Lee Harvey Oswald shot Kennedy with a WWII surplus Italian Carcano battle rifle he bought through the mail (probably paid around $10-12). I remember ads in the back of comic books back then where you could buy all sorts of German and Italian WWII surplus battle rifles and ammunition and bayonets through the mail with no check whatsoever – as long as your check from the bank didn’t bounce. Some guy made a fortune in Europe in 1945 picking up thousands and thousands of these rifles from beside dead Germans that hadn’t even been buried yet (the French were in no hurry to…) and putting them in warehouses and selling them over the years.

        The whole point I guess is that powerful “military grade” firearms were hugely abundant in the 1950s and 1960s and didn’t have the school shootings you see today. It seems obvious to me that if one wants to look for root causes it really isn’t guns (whether you think people should have them or not). I think we should be looking for other things that have changed in our environment whether it is video games, drugs, parental permissiveness, breakdown of the nuclear family, breakdown in morals, or whatever.

        Interestingly enough saw a study the other day that seems to correlate the rise and fall of leaded gasoline after WWII to the huge rise in crime and homicides that peaked in the 1990s and which has been falling steadily ever since (our homicide and crimes rates today are approaching historic low rates not seen since the 1960s when I was a teenager). According to the study there was an approximate 20 year lag – enough time for a kid to grow up in that atmosphere. Correlation doesn’t prove causality, but it is a very interesting idea. Wonder what we put in our environment that is responsible for the socalled epidemic of ADHD?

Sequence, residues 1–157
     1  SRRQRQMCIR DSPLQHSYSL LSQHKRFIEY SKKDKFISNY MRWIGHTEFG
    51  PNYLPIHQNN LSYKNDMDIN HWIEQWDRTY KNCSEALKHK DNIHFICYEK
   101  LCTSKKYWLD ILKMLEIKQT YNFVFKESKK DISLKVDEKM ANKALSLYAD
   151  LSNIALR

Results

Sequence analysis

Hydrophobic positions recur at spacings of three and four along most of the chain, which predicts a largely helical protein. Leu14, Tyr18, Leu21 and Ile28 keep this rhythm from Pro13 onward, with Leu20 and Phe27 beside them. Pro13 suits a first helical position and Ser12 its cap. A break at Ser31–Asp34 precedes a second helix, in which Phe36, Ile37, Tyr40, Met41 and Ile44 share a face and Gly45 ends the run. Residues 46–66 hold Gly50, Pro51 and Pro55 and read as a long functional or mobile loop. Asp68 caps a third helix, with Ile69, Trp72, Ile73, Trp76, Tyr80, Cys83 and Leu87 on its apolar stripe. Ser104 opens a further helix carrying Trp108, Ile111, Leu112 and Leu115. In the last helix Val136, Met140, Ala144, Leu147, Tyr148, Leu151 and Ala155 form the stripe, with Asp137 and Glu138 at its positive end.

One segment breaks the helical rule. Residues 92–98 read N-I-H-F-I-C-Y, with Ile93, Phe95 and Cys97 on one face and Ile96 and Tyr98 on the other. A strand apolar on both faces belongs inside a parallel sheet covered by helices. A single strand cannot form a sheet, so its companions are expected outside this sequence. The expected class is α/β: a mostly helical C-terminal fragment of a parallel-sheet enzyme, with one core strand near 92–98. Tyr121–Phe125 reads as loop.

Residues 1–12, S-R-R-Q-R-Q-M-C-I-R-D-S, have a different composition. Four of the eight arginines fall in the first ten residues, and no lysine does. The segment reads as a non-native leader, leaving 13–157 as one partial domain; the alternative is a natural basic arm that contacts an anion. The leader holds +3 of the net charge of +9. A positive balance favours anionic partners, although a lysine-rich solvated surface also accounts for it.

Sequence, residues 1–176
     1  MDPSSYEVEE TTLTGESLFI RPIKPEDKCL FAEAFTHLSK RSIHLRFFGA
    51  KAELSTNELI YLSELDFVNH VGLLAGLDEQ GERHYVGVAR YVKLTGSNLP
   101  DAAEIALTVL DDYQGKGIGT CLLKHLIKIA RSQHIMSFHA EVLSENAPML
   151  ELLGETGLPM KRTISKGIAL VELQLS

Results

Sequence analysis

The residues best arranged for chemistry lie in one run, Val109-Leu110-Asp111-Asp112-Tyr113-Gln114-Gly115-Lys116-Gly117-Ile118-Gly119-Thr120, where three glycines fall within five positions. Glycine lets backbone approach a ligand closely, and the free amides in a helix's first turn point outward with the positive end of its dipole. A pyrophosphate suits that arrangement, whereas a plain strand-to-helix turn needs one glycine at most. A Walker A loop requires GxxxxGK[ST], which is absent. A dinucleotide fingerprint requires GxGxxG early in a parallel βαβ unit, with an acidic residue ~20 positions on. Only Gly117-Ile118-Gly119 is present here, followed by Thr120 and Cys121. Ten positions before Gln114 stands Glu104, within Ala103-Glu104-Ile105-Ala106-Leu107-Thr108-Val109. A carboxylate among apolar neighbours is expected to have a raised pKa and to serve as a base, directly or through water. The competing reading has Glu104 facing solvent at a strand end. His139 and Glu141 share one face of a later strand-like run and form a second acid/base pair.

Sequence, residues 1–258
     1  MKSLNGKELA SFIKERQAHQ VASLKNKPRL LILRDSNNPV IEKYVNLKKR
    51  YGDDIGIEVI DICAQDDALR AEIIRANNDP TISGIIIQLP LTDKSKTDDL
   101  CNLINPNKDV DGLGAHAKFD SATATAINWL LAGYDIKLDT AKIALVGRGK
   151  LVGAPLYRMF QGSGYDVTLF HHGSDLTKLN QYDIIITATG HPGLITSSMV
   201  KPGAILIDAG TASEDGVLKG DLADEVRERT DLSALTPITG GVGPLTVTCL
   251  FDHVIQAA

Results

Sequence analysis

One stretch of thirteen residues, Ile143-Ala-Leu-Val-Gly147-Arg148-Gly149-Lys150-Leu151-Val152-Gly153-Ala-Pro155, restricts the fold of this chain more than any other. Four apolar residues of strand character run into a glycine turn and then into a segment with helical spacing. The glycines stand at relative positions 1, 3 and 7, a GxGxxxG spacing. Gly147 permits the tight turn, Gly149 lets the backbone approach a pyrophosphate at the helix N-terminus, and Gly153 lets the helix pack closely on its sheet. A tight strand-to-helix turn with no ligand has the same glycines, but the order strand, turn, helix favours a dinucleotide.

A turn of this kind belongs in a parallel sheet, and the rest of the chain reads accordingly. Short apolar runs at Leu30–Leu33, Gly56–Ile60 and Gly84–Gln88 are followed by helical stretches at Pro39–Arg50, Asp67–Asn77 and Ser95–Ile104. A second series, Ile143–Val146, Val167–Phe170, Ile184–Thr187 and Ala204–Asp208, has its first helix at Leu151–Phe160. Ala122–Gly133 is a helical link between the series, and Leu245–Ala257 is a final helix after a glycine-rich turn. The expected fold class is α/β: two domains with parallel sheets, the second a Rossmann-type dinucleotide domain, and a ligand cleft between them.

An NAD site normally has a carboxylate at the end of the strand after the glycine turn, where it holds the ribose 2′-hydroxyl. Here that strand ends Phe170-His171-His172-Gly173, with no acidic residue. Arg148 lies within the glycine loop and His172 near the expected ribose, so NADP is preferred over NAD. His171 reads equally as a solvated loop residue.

Here is link to the article on lead – disclaimer is Mother Jones.

        America’s Real Criminal Element: Lead



        1. Oh, the things we used to be able to buy from the backs of comic books! I think you nailed it–Lee Harvey Oswald was able to buy a gun through the mail with no background check. Same thing is happening today, through the Internet instead of comic books. And semi-automatic weapons up the ante. School shootings are tragic and upsetting, just as any mass shooting, or individual death. I’m more concerned about the daily gun deaths, especially suicides. I’d encourage you to check out the link to Harvard’s Means Matter website. I’d also like to see better child safety locks and storage requirements, which would help reduce unintentional deaths among kids shot by kids, but also teen suicides, which is something I’ve been very closely affected by. Thanks for your comments and respectful dialogue. I appreciate it.

          1. “Same thing is happening today, through the Internet instead of comic books.”

            I read some people saying that, but that is not my experience. Yes, there are Internet sites that advertise guns for sale, for example try which is one of the more popular ones.

            But here is the way it works legally – if anybody does anything different than this, for example through the mail, then they are seriously breaking Federal law (a felony).